Chronic mild stress alters circadian expressions of molecular clock genes in the liver

Kei Takahashi, Tetsuya Yamada, Sohei Tsukita, Keizo Kaneko, Yuta Shirai, Yuichiro Munakata, Yasushi Ishigaki, Junta Imai, Kenji Uno, Yutaka Hasegawa, Shojiro Sawada, Yoshitomo Oka, Hideki Katagiri

Research output: Contribution to journalArticlepeer-review

42 Citations (Scopus)


Chronic stress is well known to affect metabolic regulation. However, molecular mechanisms interconnecting stress response systems and metabolic regulations have yet to be elucidated. Various physiological processes, including glucose/ lipid metabolism, are regulated by the circadian clock, and core clock gene dysregulation reportedly leads to metabolic disorders. Glucocorticoids, acting as end-effectors of the hypothalamus-pituitary-adrenal (HPA) axis, entrain the circadian rhythms of peripheral organs, including the liver, by phase-shifting core clock gene expressions. Therefore, we examined whether chronic stress affects circadian expressions of core clock genes and metabolism-related genes in the liver using the chronic mild stress (CMS) procedure. In BALB/c mice, CMS elevated and phase-shifted serum corticosterone levels, indicating over activation of the HPA axis. The rhythmic expressions of core clock genes, e.g., Clock, Npas2, Bmal1, Per1, and Cry1, were altered in the liver while being completely preserved in the hypothalamic suprachiasmatic nuculeus (SCN), suggesting that the SCN is not involved in alterations in hepatic core clock gene expressions. In addition, circadian patterns of glucose and lipid metabolism-related genes, e.g., peroxisome proliferator activated receptor (Ppar) a, Ppary-1, Ppary-coactivator-1a, and phosphoenolepyruvate carboxy-kinase, were also disturbed by CMS. In contrast, in C57BL/6 mice, the same CMS procedure altered neither serum corticosterone levels nor rhythmic expressions of hepatic core clock genes and metabolism-related genes. Thus, chronic stress can interfere with the circadian expressions of both core clock genes and metabolism-related genes in the liver possibly involving HPA axis over activation. This mechanism might contribute to metabolic disorders in stressful modern societies.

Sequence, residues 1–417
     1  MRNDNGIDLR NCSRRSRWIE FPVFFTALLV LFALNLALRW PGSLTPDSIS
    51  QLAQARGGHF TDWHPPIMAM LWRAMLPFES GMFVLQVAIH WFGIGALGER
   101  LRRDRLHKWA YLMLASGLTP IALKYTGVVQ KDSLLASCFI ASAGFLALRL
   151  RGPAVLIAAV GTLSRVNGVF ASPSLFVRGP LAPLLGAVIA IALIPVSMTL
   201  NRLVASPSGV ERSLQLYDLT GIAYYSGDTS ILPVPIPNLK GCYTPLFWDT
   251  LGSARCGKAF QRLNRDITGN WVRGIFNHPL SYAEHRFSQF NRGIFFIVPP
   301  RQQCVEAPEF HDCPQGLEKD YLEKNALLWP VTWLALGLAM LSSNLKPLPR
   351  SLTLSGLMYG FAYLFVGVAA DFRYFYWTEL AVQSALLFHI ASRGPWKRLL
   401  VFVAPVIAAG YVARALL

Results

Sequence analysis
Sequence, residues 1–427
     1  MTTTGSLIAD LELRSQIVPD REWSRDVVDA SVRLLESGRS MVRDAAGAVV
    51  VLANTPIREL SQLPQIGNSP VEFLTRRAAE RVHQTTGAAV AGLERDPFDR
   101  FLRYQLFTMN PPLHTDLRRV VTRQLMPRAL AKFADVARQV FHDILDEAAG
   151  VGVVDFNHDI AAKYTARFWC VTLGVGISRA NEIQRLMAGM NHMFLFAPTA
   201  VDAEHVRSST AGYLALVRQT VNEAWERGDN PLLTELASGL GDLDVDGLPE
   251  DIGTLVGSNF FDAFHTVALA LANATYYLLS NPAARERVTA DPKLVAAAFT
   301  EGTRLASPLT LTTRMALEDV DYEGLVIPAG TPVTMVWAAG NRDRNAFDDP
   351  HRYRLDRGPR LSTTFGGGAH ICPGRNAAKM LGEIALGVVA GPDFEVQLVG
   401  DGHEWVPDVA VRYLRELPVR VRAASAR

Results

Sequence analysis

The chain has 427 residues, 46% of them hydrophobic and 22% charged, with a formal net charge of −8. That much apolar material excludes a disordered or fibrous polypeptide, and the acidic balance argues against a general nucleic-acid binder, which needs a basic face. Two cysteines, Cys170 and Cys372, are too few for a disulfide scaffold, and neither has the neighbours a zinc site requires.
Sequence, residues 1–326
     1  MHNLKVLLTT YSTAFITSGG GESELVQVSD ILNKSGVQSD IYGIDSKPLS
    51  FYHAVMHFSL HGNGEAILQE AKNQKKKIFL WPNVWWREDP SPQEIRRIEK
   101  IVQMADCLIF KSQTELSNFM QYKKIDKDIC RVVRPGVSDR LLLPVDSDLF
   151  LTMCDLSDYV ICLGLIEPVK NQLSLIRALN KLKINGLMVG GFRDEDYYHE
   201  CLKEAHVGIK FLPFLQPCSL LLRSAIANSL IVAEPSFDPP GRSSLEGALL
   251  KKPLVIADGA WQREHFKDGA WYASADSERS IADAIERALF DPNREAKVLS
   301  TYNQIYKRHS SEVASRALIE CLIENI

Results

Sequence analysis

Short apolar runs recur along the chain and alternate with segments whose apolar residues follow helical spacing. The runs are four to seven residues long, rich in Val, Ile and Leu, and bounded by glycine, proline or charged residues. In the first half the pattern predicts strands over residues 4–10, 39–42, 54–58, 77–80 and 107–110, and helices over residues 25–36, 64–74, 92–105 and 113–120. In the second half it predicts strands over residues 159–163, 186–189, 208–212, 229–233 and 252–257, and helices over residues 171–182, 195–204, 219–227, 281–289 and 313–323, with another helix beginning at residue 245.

Original languageEnglish
Pages (from-to)E301-E309
JournalAmerican Journal of Physiology - Endocrinology and Metabolism
Issue number3
Publication statusPublished - 2013 Feb 1


  • Hypothalamus-pituitary-adrenal axis
  • Liver clock
  • Metabolic disorders
  • Stress

ASJC Scopus subject areas

  • Endocrinology, Diabetes and Metabolism
  • Physiology
  • Physiology (medical)


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